Interviews with the smaller businesses in AMTC revealed that most firms continue to use bank and wire transfers as the primary mechanism for managing cross-border payments. They do so because, although slow and inefficient, it basically works for the business-to-business space.

However, using bank transfers also limits the ability of most AMTC firms to pivot to selling directly to consumers overseas, as no customer wants to manage the hassle of bank transfers for payment. Firms have struggled to convince customers to switch to alternative forms of payment, even at a time when digital or fintech solutions that claim to solve problems are proliferating. The use of such approaches are more challenging than might be expected for companies trying to operate across borders.

Cross-border retail payments are more complicated than purely domestic payments. They involve numerous players, currencies, time zones, jurisdictions and regulations. The payer and payee are typically located in different countries and rely on multiple intermediaries, arrangements and processes that need to be in place for the payment to be made and received.

Even what appears to be a purely “domestic” payments transaction can involve the movement of information across borders as firms, as an example, check for fraud using data located offshore. Increasing restrictions on the movement of data can choke off payment solutions or make them more cumbersome and costly. 

Many of the specific obstacles to effectively managing cross-border payments stem from inconsistent or challenging government requirements. Some provisions, such as rules to prevent money laundering, have been put into place for sensible reasons, but can also serve as an impediment to the smoother flow of retail payments.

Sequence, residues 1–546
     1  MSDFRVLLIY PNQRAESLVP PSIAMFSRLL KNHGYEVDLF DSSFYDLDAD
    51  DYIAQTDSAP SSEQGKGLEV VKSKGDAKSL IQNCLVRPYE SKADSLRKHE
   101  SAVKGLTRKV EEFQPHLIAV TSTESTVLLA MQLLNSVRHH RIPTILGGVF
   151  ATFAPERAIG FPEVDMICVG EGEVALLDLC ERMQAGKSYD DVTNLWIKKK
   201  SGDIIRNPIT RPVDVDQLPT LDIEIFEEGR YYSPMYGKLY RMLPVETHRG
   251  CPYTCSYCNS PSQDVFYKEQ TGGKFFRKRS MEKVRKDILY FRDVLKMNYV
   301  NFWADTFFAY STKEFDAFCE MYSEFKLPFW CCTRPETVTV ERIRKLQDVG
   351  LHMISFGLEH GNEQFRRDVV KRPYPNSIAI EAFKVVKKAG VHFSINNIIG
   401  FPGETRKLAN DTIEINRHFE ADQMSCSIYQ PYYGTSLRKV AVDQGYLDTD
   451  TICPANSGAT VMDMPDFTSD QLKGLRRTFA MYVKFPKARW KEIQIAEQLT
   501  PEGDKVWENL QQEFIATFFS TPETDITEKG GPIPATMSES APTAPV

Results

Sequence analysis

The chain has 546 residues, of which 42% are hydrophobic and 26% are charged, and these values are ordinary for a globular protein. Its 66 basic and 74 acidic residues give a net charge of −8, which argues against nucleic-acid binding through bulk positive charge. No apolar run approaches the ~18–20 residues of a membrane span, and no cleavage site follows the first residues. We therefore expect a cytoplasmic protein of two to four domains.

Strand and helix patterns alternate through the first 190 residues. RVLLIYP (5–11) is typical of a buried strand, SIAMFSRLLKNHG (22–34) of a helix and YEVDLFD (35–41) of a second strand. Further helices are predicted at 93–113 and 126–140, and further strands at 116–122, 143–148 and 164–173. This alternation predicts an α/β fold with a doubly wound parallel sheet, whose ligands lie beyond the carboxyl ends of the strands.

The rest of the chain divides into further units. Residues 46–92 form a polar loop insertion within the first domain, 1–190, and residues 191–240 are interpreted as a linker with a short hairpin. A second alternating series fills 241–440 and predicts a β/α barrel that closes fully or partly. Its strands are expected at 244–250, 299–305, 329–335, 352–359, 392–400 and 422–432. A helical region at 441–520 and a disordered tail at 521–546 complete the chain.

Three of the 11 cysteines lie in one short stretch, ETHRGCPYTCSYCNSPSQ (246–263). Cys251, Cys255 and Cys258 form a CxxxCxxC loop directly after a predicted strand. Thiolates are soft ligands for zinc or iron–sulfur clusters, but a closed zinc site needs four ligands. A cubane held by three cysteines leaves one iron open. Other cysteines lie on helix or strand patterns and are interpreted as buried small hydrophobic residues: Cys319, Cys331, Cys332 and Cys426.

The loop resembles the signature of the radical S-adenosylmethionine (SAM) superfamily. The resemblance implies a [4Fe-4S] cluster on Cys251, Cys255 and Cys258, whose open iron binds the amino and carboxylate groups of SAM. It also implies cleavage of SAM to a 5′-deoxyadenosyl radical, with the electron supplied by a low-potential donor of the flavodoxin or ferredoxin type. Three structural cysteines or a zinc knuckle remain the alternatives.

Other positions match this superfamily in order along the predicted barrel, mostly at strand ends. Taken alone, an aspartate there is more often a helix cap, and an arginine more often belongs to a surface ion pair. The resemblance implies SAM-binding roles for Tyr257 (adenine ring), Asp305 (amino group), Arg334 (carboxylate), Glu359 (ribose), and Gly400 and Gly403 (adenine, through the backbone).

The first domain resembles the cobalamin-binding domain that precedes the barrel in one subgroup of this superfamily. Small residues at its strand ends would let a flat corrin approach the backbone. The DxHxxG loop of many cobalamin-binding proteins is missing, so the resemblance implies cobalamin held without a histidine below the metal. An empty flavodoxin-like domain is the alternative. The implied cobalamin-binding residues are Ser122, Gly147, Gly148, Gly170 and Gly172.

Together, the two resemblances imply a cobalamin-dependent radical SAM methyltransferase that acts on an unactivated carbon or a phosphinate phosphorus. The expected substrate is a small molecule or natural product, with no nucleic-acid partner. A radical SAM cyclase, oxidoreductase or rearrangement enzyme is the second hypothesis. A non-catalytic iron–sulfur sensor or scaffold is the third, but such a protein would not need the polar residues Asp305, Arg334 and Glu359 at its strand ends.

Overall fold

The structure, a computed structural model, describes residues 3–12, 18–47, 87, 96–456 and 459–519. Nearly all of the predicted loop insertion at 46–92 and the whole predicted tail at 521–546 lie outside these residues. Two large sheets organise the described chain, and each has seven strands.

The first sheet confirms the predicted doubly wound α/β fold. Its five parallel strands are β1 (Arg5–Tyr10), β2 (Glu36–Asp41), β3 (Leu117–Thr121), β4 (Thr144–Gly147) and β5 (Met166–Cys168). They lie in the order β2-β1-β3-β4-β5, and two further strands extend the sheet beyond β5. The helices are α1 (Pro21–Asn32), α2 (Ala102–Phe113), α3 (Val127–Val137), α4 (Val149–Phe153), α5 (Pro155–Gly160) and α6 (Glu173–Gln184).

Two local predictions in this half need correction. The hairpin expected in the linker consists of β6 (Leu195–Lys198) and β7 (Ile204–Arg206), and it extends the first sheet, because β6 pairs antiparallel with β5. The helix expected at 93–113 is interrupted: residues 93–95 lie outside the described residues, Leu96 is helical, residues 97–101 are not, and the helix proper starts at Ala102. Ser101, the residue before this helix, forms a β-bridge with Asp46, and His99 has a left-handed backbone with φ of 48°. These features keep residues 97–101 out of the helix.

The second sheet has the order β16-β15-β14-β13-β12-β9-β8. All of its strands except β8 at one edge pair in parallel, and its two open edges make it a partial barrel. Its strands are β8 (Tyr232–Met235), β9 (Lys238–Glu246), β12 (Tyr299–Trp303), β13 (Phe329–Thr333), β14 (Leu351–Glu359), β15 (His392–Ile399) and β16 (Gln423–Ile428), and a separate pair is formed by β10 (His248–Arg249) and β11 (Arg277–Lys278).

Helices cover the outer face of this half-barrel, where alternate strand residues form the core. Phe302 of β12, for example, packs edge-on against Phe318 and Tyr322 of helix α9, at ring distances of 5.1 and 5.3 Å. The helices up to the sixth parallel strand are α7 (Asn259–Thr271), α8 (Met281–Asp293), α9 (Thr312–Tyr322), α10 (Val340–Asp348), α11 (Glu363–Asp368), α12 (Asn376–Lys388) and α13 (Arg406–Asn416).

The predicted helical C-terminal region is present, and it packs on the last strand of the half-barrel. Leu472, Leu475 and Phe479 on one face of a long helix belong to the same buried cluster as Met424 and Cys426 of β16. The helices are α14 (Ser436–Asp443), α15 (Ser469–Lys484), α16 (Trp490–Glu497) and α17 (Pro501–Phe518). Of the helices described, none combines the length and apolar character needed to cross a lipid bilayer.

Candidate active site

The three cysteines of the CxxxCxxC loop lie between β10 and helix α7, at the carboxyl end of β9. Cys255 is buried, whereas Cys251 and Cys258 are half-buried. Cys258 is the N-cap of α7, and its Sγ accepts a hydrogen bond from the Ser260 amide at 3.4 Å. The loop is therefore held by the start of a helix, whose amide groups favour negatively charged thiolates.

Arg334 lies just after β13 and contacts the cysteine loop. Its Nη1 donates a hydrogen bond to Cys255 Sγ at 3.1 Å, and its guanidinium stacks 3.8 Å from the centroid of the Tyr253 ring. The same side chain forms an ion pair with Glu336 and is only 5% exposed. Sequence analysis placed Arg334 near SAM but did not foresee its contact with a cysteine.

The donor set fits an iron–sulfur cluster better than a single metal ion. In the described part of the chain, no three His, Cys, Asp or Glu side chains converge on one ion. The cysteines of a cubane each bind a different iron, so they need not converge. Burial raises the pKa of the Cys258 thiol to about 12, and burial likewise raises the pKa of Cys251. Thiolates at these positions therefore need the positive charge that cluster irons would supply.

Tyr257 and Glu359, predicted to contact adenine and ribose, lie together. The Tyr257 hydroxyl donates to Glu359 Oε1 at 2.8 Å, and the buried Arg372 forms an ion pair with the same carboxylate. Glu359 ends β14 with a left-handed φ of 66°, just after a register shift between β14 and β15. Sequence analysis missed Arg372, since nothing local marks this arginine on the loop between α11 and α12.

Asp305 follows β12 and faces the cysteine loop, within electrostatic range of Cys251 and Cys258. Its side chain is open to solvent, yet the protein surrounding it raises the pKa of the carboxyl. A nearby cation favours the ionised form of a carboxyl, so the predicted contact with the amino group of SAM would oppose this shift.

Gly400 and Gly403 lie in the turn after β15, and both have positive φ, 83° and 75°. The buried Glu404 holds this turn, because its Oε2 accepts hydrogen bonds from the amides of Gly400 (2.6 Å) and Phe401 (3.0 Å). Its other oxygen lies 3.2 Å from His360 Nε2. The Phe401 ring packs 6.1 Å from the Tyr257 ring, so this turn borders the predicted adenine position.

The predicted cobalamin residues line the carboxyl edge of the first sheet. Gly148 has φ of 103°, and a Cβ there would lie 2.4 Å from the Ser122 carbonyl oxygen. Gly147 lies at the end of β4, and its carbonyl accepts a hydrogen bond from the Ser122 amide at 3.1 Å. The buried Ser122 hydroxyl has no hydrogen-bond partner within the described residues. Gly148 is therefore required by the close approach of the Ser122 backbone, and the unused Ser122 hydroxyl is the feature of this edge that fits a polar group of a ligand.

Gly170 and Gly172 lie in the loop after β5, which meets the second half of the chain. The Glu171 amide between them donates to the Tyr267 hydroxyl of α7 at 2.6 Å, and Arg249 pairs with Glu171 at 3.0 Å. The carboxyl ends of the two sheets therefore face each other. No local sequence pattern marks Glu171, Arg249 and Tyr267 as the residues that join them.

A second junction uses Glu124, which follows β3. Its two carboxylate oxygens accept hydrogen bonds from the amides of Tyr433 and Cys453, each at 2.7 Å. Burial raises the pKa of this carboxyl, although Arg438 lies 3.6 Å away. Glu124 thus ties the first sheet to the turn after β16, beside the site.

Governments in the region have recognized the important role for payments and have begun to put “cooperation” commitments into a variety of consultative mechanisms including free trade agreements. Governments should be taking more active steps to leverage such commitments on payments, which are playing an increasingly important role in the reduction of market access and data barriers to the delivery of cross-border e-payments and the interoperability of increasingly complex and divergent domestic e-payment systems.

By promoting negotiation and the effective implementation of any commitments, governments can reduce barriers to the cross-border delivery of e-payment services, work more closely in promoting the simplification and interoperability of platforms and solutions, adopt international payment standards, facilitate coordination among multiple stakeholders and drive strategies to promote adoption.

Without more effective solutions to the challenges of cross-border retail payments, firms will be unable to grow to their full potential and are at high risk being shut out of opportunities in neighbouring markets.  In the post Covid recovery period, simply telling firms to get online without ensuring that they can be paid will remain an insufficient solution to future growth opportunities.


This Talking Trade was drawn from the ATC’s latest paper on the topic.

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Dr. Elms is Head of Trade Policy at the Hinrich Foundation in Singapore.  Prior to joining the Foundation, she was the Executive Director and Founder of the Asian Trade Centre (ATC). She was also President of the Asia Business Trade Association (ABTA) and the Board Director of the Asian Trade Centre Foundation (ATCF).